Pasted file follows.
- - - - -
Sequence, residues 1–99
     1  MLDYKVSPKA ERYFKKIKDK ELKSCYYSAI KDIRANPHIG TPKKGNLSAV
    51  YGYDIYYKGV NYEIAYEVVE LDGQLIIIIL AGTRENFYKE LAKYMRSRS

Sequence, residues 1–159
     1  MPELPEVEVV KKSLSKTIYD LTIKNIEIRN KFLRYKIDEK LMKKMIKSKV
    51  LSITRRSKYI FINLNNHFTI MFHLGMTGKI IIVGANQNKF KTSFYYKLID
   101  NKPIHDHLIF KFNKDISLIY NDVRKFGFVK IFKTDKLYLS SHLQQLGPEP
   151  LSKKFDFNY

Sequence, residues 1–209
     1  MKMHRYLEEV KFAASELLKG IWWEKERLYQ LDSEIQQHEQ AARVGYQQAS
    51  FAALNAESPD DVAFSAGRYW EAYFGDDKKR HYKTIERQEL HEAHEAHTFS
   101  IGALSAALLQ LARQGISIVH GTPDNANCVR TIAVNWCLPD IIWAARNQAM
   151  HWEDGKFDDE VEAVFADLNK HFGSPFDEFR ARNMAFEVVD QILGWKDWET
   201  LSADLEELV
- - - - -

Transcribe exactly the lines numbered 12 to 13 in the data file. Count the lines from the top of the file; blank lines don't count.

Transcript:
   101  IGALSAALLQ LARQGISIVH GTPDNANCVR TIAVNWCLPD IIWAARNQAM
   151  HWEDGKFDDE VEAVFADLNK HFGSPFDEFR ARNMAFEVVD QILGWKDWET